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Futureorientation 2/2009

Gitte Larsen

Dear Reader. Mental mobility. ”Spirituality and mobility” is the theme of this FO. Many have said to me that the two words seem contradictory. One said spirituality is the search for inner peace, while mobility is the opposite: movement. Some authors in this FO have chosen to concentrate their articles on either spirituality or mobility, while others have created their own interpretation from a combination of the two terms.

Read on


Theme: The Spirituality and mobility issue

Jørn Borup: Buddha, Buddha Cool

Corporate karma, Zen management and lama coaching. Buddhist ideology and practice has become popular in business. It is used as a development tool and for the spiritual branding of everything from products to businesses and business leaders. Read about several examples and reflections about why we should ask critical questions about this trend.

Christine Lind Ditlevsen: Action-oriented spirituality

Musician Peter Bastian, with his contemporary, action-oriented spirituality, wants to give the individual and culture a boost that can carry us into a new global consciousness. With this awareness, we can take a shared responsibility as co-creators of our future instead of being stuck in a victim mentality.

Emilia van Hauen: From Egofest to Co-creation

We are seeing a shift in the spirit of the age. After 30 years of intense focus on personal potential, we are now turning to the purpose of personal life. Where our personal self-development was once the priority, it is now about making a difference and engaging in the service of the whole. Welcome to “The Great Age of Collective Creation.”

Essay By Morten Grønborg: Branding & Conspiracy 4: The Outer-controlled I

“PERSONAL BRANDING. Want to find the right partner? - Then you must change your strategy! [We] give you the power techniques from business so you can learn to brand yourself. Join the workshop on ...” Ad in a nationwide free newspaper for a Copenhagen psychological clinic.

Brigitte Jordan: Living “in-between”

As the world is increasingly on the move, knowledge workers are even more so. Sharing her research and experiences as a mobile knowledge worker, Brigitte Jordan, PhD, relates to us in this article how work is less about being in a place, and more about living “in-between” spaces where work and private life blur and create new opportunities and new challenges. Brigitte Jordan herself lives and works in-between Silicon Valley, USA and her open-air, no-walls home-cum-workplace, Besos del Viento, in Costa Rica.

Johan Peter Paludan’s comment: Spirituality - religiosity or lifestyle?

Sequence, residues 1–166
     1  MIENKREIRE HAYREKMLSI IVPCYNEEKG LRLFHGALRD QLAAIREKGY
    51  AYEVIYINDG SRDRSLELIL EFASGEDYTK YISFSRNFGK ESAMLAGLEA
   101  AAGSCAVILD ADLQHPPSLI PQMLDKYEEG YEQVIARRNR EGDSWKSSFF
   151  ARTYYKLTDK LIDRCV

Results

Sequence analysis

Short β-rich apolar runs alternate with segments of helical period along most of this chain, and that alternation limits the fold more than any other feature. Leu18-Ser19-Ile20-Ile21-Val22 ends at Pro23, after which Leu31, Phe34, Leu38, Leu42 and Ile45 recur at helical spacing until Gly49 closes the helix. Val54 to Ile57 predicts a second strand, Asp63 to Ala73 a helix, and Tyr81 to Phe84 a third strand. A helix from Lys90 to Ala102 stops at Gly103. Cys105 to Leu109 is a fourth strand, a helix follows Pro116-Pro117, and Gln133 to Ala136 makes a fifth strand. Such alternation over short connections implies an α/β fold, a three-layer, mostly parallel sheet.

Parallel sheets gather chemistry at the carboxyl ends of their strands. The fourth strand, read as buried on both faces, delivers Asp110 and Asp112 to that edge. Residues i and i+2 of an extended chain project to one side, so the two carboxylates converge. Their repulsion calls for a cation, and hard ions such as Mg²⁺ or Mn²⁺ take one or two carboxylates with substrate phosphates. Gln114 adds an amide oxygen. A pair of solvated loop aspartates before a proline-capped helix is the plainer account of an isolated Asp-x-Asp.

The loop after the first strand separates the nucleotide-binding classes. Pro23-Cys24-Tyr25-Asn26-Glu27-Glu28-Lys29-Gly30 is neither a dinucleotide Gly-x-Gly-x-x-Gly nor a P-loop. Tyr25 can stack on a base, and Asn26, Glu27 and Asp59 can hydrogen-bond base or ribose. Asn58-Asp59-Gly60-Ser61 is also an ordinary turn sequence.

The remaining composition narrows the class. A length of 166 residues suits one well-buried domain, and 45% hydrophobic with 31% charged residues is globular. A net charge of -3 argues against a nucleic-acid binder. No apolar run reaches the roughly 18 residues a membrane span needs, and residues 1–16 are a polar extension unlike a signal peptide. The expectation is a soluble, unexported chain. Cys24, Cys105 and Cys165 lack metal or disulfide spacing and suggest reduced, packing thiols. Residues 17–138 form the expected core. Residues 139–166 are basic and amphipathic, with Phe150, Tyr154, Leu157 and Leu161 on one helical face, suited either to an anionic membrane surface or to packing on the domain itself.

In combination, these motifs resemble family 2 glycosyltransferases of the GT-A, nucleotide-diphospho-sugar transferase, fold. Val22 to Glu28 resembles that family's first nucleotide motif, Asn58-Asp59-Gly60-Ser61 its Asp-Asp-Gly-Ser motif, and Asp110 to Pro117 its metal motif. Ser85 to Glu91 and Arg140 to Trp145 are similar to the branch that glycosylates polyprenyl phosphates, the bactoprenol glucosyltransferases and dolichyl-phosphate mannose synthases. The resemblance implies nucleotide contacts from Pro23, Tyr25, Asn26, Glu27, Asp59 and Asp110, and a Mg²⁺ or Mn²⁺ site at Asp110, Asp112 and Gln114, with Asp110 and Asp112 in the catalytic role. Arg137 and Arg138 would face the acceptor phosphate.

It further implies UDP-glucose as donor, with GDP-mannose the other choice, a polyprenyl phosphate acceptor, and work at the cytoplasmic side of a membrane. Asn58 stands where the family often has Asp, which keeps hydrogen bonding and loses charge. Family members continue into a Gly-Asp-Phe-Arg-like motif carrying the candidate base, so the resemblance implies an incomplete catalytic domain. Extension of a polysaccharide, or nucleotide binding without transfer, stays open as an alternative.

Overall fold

Words change value over time. Being spiritual once mean you were full of spirit and wit, and if you were a spiritualist, many believed you could communicate with the dead through a medium and knocks on the table. If you Google “spirituality,” you run into a sinful blend of Eastern mysticism and therapies as aura massage, psycho-kinesis (in other words, moving stuff without touching it) and soul journeys. Get back!

Klaus Æ. Mogensen: Travelling Journeyman 2.0

Imagine that you make a deal with your workplace about working from home all the time and that you then pack your bag and go off to live on the move. Your employer need not even know where you are, and perhaps your company needn’t be sorry that you never show your face at the office. A mobile life provides valuable knowledge and inspiration for both work and private life, and happy employees are productive employees.

Jacob Suhr Thomsen: Hybrid manifestation

Forget about “online” and “offline” - your day is a hybrid. Read about the new opportunities and challenges offered by the Internet as a hybridspace.

Sara Jönsson: Sedentary work - more mobile than ever?

Mobility means that you move geographically, socially or economically, but the concept also includes the freedom to move so that the boundaries are blurred between the real and the virtual, the static and moving, and the classic dichotomy of work/leisure. What do we mean when we talk about mobility? Are we heading towards a sedentary life in which we interact only through the screen? And what is moving if not ourselves?

Gitte Larsen: A life in first class?

Eileen Klitvad, coach, process consultant and psychotherapist, has lived a professional life many dream about. She was headhunted from one management job to another in large international companies, until one day she stopped to think. What is a job in first class worth when one starts to doubt who one really is and starts asking question such as who manages the priorities, what is important right and meaningful for me, and am I really so sure I am living my life in the most satisfying way possible?

Futureorientation 2/2009

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